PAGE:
The story than continues with Augusta who grows up and now comes into marriageable age. And she has to make a decision: Rescue her family from financial ruin and marry a rich man who will look after her and all her family or go with her heart and marry the poor farmer who happens to be the son of Angelina Bradley. Is there a middle way or will Augusta have to make the ultimate sacrifice?

I absolutely adored Augusta. She is down to earth but still understands her obligations to her family. Not easy, but more understandable when looking at the historical period. As we all know since Jane Austen, a good marriage was the biggest aim for girls and not just a choice effecting their own happiness, but the whole family.

The book covers a period in New England / Boston from 1838 to 1872 and while historic events are explained at the beginning of some chapters and have been researched well, they are certainly not the main part of this book and only serve as a back-drop. I did find myself skipping some parts of it and I did not make a difference to my understanding of the story.


The Stand
The Stand
Price: 5.99

5.0 out of 5 stars Epic King, 21 Jun 2014
This review is from: The Stand (Kindle Edition)
The Stand divides the King community - well, apparently you either love it or hate it. Now, that's easy for me. In that case, I can wholeheartedly say I love it. This is a true Stephen King story. Epic, good against evil, an apocalyptic catastrophe, strongly drawn characters who journey through the country to eventually fight evil.

A virus escapes from a military testing facility and within a few days, almost all of earths population is dead. A few are unaffected and are seeing in their dreams the 108 year old Mother Abigail who is asking them to come to her and they set all off to see mother Abigail in a journey across the country to gather with her. Others are seeing a man called Randall Flagg who calls his followers to Las Vegas. It eventually becomes clear that Mother Abigail represents the good and Randall Flagg evil, both set against each other. (Fans of King will known Randall Flagg from the Dark Tower series). The fight against the virus is not paramount here, but rather what is symbolises - the decay of the world who now has to be re-arranged, and only one side can win.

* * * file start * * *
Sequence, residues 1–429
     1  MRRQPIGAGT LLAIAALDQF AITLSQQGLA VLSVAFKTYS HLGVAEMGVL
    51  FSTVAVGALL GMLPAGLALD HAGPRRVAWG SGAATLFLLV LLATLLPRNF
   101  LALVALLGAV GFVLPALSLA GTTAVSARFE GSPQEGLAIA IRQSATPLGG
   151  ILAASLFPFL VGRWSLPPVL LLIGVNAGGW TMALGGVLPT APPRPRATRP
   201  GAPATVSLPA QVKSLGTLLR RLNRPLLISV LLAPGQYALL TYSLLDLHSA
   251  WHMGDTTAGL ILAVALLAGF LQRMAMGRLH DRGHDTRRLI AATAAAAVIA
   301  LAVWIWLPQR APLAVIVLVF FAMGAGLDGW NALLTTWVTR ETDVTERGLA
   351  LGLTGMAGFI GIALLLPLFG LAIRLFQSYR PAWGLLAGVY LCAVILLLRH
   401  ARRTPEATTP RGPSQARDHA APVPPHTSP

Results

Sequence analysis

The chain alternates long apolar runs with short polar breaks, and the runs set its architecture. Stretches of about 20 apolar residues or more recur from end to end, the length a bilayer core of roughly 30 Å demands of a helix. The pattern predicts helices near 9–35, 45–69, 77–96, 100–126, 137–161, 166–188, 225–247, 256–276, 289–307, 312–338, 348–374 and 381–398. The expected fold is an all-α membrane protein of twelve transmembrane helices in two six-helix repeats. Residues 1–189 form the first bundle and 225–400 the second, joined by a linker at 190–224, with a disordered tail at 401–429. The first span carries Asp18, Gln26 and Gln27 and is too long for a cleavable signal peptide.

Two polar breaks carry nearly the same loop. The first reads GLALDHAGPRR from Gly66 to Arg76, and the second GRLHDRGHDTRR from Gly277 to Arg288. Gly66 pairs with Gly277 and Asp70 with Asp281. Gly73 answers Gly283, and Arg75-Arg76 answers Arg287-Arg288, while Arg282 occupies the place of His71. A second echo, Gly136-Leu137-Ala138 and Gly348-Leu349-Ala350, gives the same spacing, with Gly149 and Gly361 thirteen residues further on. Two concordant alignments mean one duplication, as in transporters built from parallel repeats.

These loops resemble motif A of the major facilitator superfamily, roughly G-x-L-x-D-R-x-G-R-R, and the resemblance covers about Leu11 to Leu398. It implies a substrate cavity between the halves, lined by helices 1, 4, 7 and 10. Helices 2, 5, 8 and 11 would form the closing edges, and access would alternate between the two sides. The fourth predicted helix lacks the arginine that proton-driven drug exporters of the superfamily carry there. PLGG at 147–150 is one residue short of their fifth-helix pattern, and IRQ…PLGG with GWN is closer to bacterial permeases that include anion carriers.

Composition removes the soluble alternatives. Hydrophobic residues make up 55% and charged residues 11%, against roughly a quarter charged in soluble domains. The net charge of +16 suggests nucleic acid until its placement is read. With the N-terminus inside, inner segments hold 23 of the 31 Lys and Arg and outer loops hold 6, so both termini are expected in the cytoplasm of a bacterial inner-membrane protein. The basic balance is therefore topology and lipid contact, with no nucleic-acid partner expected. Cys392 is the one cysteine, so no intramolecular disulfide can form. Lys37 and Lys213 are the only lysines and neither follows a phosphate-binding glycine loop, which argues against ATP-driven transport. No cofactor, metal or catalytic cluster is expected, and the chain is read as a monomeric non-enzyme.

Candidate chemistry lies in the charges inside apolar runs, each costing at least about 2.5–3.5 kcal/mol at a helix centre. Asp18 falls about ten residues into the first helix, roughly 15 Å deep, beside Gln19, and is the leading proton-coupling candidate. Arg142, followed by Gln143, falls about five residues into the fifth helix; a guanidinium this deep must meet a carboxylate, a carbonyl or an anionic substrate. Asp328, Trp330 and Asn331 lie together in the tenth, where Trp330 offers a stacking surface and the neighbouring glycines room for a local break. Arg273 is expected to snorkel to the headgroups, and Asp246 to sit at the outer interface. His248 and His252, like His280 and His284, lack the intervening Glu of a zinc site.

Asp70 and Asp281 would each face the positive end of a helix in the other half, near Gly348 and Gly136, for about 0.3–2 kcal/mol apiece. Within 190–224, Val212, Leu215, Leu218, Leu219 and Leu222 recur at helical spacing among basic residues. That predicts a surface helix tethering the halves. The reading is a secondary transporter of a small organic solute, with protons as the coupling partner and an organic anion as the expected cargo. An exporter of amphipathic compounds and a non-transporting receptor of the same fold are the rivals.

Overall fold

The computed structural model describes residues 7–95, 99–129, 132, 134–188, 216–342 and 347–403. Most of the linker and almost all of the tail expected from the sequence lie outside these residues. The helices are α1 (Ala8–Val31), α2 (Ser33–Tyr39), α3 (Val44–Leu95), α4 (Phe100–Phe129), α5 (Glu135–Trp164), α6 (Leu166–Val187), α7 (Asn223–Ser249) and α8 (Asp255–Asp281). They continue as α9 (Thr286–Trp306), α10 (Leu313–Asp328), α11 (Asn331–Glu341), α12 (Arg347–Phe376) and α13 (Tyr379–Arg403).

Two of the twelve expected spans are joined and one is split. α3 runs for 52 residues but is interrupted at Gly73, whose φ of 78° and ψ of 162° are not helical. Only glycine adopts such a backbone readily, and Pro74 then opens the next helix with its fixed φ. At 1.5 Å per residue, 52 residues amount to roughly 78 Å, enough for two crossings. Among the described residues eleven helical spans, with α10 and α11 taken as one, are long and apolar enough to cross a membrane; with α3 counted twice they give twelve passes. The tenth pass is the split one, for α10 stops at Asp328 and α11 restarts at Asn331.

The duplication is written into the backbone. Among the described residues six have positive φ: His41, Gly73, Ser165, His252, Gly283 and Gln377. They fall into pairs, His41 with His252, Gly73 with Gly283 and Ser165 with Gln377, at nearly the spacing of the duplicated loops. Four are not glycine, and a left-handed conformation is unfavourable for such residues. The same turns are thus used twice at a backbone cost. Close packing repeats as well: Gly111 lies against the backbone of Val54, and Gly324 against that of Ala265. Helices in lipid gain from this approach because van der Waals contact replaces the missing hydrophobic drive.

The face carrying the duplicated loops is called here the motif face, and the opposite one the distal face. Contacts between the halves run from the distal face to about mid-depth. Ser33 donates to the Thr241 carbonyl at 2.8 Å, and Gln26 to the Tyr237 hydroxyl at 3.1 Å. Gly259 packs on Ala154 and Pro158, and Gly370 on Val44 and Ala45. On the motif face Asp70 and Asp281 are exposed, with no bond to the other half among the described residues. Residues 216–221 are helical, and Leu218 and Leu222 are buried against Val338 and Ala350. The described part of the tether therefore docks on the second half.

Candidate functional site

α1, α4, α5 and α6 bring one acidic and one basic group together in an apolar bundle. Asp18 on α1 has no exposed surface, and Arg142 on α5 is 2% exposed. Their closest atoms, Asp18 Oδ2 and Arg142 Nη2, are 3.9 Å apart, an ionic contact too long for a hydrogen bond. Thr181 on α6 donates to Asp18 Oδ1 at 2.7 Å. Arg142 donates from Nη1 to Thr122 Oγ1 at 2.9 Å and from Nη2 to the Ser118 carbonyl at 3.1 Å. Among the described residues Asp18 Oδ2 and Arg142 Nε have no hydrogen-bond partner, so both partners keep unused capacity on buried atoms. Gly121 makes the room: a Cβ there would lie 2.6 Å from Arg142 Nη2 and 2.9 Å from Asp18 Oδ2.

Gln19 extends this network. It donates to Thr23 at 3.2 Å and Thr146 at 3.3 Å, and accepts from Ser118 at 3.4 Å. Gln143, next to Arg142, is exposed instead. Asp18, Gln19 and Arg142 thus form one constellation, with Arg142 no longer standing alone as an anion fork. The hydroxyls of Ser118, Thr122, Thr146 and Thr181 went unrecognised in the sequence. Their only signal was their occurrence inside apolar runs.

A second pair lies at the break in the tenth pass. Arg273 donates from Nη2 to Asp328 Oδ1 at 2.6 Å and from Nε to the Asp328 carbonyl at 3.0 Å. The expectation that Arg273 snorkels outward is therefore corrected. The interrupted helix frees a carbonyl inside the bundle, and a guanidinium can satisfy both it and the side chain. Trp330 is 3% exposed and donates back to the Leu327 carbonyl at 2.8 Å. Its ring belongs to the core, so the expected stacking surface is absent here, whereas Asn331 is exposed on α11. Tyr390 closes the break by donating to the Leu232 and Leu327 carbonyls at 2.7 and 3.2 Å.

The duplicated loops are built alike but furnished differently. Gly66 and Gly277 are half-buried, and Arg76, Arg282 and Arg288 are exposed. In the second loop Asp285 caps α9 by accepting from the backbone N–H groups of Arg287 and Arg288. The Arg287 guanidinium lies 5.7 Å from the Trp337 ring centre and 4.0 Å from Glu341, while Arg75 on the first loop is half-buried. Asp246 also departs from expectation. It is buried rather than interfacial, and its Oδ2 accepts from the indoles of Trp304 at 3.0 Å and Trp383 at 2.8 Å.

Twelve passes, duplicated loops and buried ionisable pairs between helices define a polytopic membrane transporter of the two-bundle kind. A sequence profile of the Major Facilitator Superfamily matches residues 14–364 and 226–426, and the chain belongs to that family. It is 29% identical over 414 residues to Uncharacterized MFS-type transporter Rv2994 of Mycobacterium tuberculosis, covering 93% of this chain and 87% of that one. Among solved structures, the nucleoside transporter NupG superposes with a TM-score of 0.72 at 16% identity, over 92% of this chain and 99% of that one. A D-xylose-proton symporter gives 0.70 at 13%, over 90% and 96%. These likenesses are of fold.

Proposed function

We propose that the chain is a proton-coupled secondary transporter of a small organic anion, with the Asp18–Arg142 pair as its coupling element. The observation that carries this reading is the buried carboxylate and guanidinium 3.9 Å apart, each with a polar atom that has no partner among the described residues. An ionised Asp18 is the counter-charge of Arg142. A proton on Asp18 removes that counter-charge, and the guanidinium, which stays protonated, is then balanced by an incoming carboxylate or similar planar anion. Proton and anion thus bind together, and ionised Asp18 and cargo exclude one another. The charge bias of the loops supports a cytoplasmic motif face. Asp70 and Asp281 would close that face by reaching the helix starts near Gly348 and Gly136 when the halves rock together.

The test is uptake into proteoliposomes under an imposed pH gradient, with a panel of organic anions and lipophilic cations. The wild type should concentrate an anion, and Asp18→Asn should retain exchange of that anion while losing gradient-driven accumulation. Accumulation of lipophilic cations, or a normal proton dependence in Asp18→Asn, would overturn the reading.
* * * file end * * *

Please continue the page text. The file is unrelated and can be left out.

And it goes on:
My favourite part is the first part of the book, when all the characters come together and travel to either mother Abigail or Randall Flagg. It is almost road-movie style while we, the reader, still trying to figure out what is actually going on.

Despite the length of the book, I was never bored. Yes, some of King's books can have the tendency to waffle on a bit at the beginning, but curiously so, in this, is longest book, this was never the case. King is often advertised as the King of horror, and even though this is post-apocalyptic, there are no zombies or strange creatures taking over the world but as so often with his work, it's the common people who have the main starring role.

This is my favourite King book (and yes, I am a fan) and I would regard it as a must read not just for fans but for any book lover.


Harry Potter and the Philosopher's Stone
Harry Potter and the Philosopher's Stone
by J. K. Rowling
Edition: Paperback
Price: 5.99

4.0 out of 5 stars Fantasy but aimed at children, 21 Jun 2014
I actually remember the first time that I can across Harry Potter and The Philosopher's Stone. I was on the bus, on my way to work, and a group of children, I would guess about 10-12 years old, where all reading the book and all chatting excitedly over it, discussing this and that detail. Now this was rather unusual - children discussing a book, and not whilst sitting in lessons or in the library, but actually out of school, in their leisure time. However, this didn't tempt me back than (was it around 1997/98) to buy the book, as it was obviously a children's fantasy book and that was not something I would normally really. I finally read it last year.

The book is beautifully written and at the same time, very accessible for children just starting out to get into reading a bit more seriously. At the same time, the first book is not too long. JK Rowling obviously has a very vivid imagination. All the things she comes up with, described beautifully and in details. The platform 9 3/4, the owls who deliver the letters, the stairs which change direction, Quidditch … too many things to mention. The other brilliant skill she has is to make it all understandable. She obviously didn't know at the start that there is going to be movies and she manages to make this completely 'strange' fantasy world come alive to us.

One of the best things for me is that this book made a huge difference to children's reading and encouraged whole generations to pick up books and that is for me the real legacy of Harry Potter.

Personally - for me it was a children's book and for my own reading, I prefer a more 'adult' world if that is the right thing to say. Not adult as in erotic, but prefer to have adult protagonists.